Sensors and Systems
Breaking News
Epson Unveils Next Generation of Moverio Augmented Reality Smart Glasses
Rating12345New Moverio BT-40 and BT-40S Offer 225 Percent Larger...
EARTHDAY.ORG and Global Partners Unite For Three Parallel Climate Summits
Rating12345WASHINGTON, D.C. — EARTHDAY.ORG along with lead organizers Education...
Epson Announces Availability of New SureColor T-Series Wide-Format Multifunction Printers for CAD, Technical and Graphics Applications
Rating12345Compact, Affordable Epson SureColor T3170M is Now Available and...
  • Rating12345
An image shows ISS-RapidScat data from a North Atlantic extratropical cyclone, as seen by the National Centers for Environmental Prediction Advanced Weather Interactive Processing System used by weather forecasters at NOAA’s Ocean Prediction Center. (Credit: NASA/JPL-Caltech/NOAA)

An image shows ISS-RapidScat data from a North Atlantic extratropical cyclone, as seen by the National Centers for Environmental Prediction Advanced Weather Interactive Processing System used by weather forecasters at NOAA’s Ocean Prediction Center. (Credit: NASA/JPL-Caltech/NOAA)

On Sept. 21, 2014, NASA scientists and engineers launched RapidScat toward the orbiting International Space Station, 250 miles above Earth’s surface, with a few objectives in mind: improve weather forecasting on Earth, provide cross-calibration for all international satellites that monitor ocean winds, and improve estimates of how ocean winds change throughout the day.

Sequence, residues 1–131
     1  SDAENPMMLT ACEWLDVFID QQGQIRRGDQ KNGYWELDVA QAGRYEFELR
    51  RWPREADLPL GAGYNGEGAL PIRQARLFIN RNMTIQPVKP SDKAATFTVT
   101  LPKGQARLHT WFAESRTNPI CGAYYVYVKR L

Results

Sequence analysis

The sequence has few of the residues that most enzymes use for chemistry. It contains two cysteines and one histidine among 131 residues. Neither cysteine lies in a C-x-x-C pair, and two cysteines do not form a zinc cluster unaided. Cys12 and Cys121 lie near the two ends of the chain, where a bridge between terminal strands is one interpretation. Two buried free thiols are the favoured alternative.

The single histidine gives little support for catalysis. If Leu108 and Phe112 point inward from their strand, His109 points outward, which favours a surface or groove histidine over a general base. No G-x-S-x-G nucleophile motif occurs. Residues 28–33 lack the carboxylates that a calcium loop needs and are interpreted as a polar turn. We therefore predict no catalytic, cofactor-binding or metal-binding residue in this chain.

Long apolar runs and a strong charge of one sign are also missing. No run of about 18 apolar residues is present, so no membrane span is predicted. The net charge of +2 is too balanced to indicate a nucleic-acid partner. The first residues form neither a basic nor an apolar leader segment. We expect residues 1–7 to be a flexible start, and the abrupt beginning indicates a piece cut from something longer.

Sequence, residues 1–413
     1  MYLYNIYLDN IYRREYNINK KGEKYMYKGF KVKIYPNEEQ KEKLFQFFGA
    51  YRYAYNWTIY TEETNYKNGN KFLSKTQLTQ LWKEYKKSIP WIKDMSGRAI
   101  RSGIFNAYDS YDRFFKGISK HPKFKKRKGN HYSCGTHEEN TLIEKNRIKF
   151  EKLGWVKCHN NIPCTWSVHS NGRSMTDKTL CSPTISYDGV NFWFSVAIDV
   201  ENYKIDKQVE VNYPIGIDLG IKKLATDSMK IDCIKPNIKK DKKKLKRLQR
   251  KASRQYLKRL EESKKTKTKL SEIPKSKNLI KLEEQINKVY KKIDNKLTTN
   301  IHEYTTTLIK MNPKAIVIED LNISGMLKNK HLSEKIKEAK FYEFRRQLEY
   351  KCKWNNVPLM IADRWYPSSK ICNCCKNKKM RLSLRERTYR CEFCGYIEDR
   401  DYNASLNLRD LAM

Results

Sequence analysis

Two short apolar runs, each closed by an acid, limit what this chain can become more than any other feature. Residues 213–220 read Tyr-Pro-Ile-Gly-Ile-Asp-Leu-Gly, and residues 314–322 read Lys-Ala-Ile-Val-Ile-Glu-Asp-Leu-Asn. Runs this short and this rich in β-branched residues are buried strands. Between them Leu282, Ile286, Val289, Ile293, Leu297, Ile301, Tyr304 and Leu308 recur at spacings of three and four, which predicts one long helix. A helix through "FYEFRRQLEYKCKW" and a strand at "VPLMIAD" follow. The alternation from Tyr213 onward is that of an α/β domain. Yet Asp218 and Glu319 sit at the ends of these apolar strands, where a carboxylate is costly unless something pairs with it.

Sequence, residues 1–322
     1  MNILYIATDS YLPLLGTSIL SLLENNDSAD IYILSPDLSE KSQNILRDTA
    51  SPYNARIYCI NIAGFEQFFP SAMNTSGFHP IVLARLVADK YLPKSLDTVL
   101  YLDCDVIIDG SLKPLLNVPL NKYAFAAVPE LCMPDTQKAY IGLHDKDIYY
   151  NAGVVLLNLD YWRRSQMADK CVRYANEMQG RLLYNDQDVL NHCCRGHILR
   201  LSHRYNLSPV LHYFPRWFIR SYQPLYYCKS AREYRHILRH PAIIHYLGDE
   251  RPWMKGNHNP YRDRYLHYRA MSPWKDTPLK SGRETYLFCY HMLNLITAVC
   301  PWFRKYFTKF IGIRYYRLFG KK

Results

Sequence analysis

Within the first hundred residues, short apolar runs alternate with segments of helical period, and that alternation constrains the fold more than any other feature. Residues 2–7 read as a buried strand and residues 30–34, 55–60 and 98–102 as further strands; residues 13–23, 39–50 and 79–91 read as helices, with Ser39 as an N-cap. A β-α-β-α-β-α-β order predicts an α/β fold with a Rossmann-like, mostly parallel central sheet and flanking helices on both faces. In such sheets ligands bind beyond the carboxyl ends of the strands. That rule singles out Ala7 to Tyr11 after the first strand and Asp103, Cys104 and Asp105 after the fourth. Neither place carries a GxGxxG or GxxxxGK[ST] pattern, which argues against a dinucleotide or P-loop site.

Following the 2009 end of the QuikScat mission (a similar instrument), NASA was challenged to quickly create a replacement device, as QuikScat data helped meteorologists predict weather patterns and prepare for large storm systems for more than a decade. Using the existing data and power services of the station and hardware initially built as a spare for QuikScat, RapidScat greatly improved the timeliness of data transmissions and the potential for cross-calibration of other sensors designed to measure sea-surface winds.

Because of its ability to monitor weather systems around the world, RapidScat played a vital role in storm prediction and allowed maritime and air traffic time to avoid potentially dangerous weather conditions. RapidScat’s radar technology used microwaves, bounced off the ocean’s surface, to determine wind speed and direction.

RapidScat completed its successful two-year mission, outlasting its original decommission date before suffering a power loss in mid-August 2016. For a more in-depth look at the RapidScat mission, visit http://winds.jpl.nasa.gov/missions/RapidScat/.

 

Leave a Reply

Your email address will not be published. Required fields are marked *